Introduction to LDAP

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LDAP (Lightweight Directory Access Protocol) is a network protocol that can be used to share databases of Unix users, groups and other information between multiple systems.

Typically, a single LDAP Server will store a database of users, which is then queried by multiple LDAP Clients. If these clients also mount home directories via NFS, users will be able to login to any one of those systems with the same username and password. In many ways, LDAP is used similarly to NIS for synchronizing user information across multiple systems in a network, as a database can store additional attributes for each user in addition to the standard Unix username, shell and so on.

Naturally, an LDAP server must be running on your system or on some host on your network for this module to be used. In addition, one or more hosts must be configured to use LDAP for user and/or group authentication. Neither of these tasks can be done from within the module - they must be done manually, or with other Webmin modules for the purpose.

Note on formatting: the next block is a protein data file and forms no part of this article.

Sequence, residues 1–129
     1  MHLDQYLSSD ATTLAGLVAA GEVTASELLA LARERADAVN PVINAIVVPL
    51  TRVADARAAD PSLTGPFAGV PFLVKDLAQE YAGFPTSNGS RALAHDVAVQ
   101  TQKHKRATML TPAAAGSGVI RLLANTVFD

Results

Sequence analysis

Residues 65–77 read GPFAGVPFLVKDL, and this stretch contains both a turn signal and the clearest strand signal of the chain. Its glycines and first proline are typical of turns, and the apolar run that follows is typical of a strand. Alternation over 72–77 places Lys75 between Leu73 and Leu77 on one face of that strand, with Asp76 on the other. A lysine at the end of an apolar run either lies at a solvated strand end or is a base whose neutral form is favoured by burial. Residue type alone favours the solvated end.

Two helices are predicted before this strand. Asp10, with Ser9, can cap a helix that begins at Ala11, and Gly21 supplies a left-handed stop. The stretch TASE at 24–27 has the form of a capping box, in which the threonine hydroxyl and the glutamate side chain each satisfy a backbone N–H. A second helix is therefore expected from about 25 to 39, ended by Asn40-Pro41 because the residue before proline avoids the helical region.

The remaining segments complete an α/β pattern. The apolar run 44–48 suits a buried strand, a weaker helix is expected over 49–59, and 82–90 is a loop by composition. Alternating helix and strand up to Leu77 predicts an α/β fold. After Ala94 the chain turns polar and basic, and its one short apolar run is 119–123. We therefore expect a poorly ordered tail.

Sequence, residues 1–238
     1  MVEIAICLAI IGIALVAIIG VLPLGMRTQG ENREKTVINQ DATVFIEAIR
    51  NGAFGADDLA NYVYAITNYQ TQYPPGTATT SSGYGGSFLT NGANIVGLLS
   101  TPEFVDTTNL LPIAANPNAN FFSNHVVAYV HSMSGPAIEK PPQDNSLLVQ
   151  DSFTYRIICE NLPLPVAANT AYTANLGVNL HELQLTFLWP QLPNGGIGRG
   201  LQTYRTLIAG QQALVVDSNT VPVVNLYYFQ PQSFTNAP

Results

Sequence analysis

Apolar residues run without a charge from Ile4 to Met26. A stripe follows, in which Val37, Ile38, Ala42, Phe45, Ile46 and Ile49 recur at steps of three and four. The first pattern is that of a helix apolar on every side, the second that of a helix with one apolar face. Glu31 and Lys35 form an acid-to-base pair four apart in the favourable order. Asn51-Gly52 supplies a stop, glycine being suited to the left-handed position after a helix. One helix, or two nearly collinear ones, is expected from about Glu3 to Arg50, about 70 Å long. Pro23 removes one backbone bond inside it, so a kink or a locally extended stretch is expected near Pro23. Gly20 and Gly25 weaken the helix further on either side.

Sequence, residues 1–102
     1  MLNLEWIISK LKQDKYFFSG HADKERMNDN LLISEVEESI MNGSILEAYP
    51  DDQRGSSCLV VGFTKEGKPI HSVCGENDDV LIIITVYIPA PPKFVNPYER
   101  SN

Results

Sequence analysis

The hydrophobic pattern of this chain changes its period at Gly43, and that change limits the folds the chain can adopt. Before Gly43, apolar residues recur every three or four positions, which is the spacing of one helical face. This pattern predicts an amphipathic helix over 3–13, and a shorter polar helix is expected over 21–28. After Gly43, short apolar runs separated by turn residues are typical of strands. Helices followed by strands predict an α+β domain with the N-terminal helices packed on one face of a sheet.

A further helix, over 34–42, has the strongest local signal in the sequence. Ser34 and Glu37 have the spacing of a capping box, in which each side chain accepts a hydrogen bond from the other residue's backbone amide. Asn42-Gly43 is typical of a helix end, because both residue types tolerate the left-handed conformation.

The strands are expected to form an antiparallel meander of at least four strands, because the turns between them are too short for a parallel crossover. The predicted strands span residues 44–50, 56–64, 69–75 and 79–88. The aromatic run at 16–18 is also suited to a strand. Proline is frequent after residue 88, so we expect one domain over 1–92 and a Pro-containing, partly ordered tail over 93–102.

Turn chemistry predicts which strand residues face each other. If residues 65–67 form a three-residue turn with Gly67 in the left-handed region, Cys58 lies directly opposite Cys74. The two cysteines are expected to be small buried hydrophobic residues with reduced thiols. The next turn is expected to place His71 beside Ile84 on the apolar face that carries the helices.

If you have Samba Windows File Sharing configured to use an LDAP server as well, LDAP server module can also create and manage the necessary password attributes for each LDAP user to be able to login to the Samba server as well. For this feature to work, your LDAP server must be configured to support the additional Samba attributes and object class for each user in its schema. Only when the Samba login? option is set to Yes will the Samba attributes be created.

Cyrus IMAP server

The module can also create users on a Cyrus IMAP server, if it is set up to authenticate against the same LDAP database. It will create mailboxes for each new user, subscribe the user to his mailboxes and grant admin access to them. If an LDAP user is deleted, his IMAP mailbox will be as well. Currently this feature only works with the Cyrus IMAP server - it has not been tested and is probably not even necessary for other servers, which use users' home directories for mail storage.